Catalog titles are still playing catch-up on Blu-ray, and out of print DVDs are getting hard to find. Luckily, there’s Netflix. “One From the Vault” is a recurring feature exploring the wide selection of movies that the Netflix instant streaming service has to offer that are out of print, unavailable, or just hard to find in other formats. For our first entry, I’ll take a look at the cult classic ‘A Boy and His Dog’.
Let’s get one thing out of the way right up front. I love post-apocalyptic entertainment. I love the aesthetic of entire towns built out of spare parts. I love the idea of civilized man being taken back to his vicious roots. I love roving bands of theme gangs. The post-apocalypse is simply the finest time for a movie, video game, or a book to take place.
When most people think of the post-apocalypse, they think ‘Mad Max’, and why not? Didn’t it set the tone for apocalyptic movies going forward? Didn’t it break new ground? It did if you never got around to seeing ‘A Boy and His Dog’.
Four years before anyone outside of Australia even knew who Mel Gibson was, a ninety-one minute science fiction classic was released to an unenthusiastic public. ‘A Boy and His Dog’ did poorly in theaters, but it was generally well received by critics.
Don Johnson is the star of the film. Yes, that Don Johnson. He plays Vic, who’s just a normal guy trying to survive the harsh world with the help of his dog Blood, who communicates with him telepathically. Blood also has heightened senses of smell and hearing, making him, according to Vic, “an experienced female provider.” Together they scrounge for food, and Blood puts up with Vic’s appetite for sex because it’s a lot easier to survive with a human in tow.
It all starts out as a fairly traditional tale of post-apocalyptic survival, though a bit darker than most. Our hero in the movie, if Vic can be said to be a hero, is a thief, a rapist, a murderer, and a coward. He has almost no redeeming traits, presumably because he survived without parents or formal education, save what the surprisingly well-read Blood is able to provide.
“So, a lone wanderer with a telepathic dog that helps him steal food and rape women,” I hear you say, “is that all you got?” Not by a longshot. Once Vic and Blood encounter a young woman named Quilla, things start to get weird.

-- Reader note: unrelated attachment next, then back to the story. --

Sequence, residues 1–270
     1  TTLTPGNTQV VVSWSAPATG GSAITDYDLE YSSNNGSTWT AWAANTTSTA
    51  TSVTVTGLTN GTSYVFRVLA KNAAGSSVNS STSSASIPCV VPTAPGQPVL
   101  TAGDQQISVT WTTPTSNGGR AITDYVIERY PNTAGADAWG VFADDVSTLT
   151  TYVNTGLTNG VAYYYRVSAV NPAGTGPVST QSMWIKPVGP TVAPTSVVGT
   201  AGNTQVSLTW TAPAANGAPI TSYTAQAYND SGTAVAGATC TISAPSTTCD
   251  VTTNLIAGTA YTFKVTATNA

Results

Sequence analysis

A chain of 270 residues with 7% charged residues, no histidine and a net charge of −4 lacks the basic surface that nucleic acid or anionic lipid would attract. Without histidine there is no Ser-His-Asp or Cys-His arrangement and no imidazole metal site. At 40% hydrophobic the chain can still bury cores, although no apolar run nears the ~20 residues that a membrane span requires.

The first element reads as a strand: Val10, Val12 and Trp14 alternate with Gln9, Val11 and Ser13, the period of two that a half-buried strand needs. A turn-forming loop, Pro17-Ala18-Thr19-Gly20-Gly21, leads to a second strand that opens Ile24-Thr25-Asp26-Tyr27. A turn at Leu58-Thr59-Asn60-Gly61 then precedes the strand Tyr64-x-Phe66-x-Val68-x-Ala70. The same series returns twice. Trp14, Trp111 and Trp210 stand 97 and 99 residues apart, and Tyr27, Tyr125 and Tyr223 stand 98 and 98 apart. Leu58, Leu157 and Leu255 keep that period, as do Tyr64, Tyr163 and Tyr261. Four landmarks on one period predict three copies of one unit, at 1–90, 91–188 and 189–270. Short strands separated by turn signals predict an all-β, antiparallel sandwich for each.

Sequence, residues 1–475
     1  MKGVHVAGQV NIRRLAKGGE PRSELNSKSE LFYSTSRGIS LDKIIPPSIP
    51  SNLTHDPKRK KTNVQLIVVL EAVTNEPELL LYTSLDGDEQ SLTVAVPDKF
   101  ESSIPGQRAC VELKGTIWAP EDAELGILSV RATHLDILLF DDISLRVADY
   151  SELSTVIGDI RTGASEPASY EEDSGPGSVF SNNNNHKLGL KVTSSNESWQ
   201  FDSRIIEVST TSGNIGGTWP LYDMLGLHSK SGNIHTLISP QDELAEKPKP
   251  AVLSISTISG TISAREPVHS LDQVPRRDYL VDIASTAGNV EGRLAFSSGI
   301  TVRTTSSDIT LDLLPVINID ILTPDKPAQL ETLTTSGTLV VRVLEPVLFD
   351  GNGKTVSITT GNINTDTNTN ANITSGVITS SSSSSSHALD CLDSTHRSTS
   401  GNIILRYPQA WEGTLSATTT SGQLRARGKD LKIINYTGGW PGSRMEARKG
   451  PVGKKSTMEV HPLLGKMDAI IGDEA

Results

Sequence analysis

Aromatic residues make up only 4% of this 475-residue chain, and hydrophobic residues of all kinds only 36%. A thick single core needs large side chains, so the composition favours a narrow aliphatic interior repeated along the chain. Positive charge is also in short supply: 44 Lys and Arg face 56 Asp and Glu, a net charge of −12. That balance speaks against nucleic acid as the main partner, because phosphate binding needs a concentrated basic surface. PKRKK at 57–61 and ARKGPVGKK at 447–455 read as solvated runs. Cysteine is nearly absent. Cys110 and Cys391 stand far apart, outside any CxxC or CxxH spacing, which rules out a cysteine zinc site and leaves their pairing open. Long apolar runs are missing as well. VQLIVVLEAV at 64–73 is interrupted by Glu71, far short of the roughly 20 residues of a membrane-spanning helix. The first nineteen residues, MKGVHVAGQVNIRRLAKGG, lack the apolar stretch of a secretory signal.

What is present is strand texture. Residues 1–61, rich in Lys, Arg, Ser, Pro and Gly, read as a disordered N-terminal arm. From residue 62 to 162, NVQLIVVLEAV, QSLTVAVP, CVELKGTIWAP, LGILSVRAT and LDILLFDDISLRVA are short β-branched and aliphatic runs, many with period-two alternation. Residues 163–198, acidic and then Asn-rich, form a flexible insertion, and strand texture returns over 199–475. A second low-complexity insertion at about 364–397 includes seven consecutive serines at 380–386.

Quilla beds Vic willingly, and repeatedly. She tells him of the strange place where she lives, knocks him out and leaves a key-card behind. He’s an 18 year old guy, and she’s an amazing looking girl, so predictably, he follows her.
Here, Vic enters the Down under, which is an underground city full of wonderful things they don’t have above, like green grass, forests, and an organized society. It’s also got creepy mime makeup and seemingly endless marching band music. Oh, and since all the men are sterile, Vic is to be used for breeding and then put down.
If parts of the plot – a lone wanderer with a dog, underground societies, and general lawlessness – seem familiar, don’t be surprised. ‘A Boy and His Dog’ was cited as the influence for similar films and even games. The ‘Fallout’ series is the most obvious example. As Jesse Heinig, who worked as a programmer and a designer in the original Fallout game puts it, “‘A Boy and His Dog’ inspired ‘Fallout’ on many levels, from underground communities of survivors to glowing mutants.”
The film really paved the way for the post-apocalyptic genre, and added new levels of weirdness, taking things to a new level content wise. It’s been accused of being misogynistic, and it does seem that way.
It’s important when watching the film to note that while you end up cheering for Vic, he really is the lesser of two evils, or possibly just the more familiar. It’s almost as if author Harlan Ellison and director L.Q. Jones are asking us to pick the devil we know, over the devil we don’t.
It’s also important to know what you’re getting yourself into quality wise. There’s never been a good looking version of this film. The standard-definition picture is filled with film grain, the colors are washed out, and the sound is presented in mono. It’s also in a 4:3 aspect ratio. If that’s going to bother you, you’ll want to find the 2003 DVD by First Run Films.
‘A Boy and His Dog’ doesn’t take itself too seriously. It’s a dark comedy with humor that may not be immediately obvious. If you’re a fan of science fiction, the post-apocalypse, or just plain old weirdness, you owe it to yourself to see this classic.
A boy and his dog can go walking
A boy and his dog sometimes talk to each other
A boy and a dog can be happy sitting down in the woods on a log
But a dog knows his boy can go wrong
A Boy and His Dog (1975) / Directed by: L.Q. Jones / Starring: Don Johnson, Sisanne Benton, Jason Robards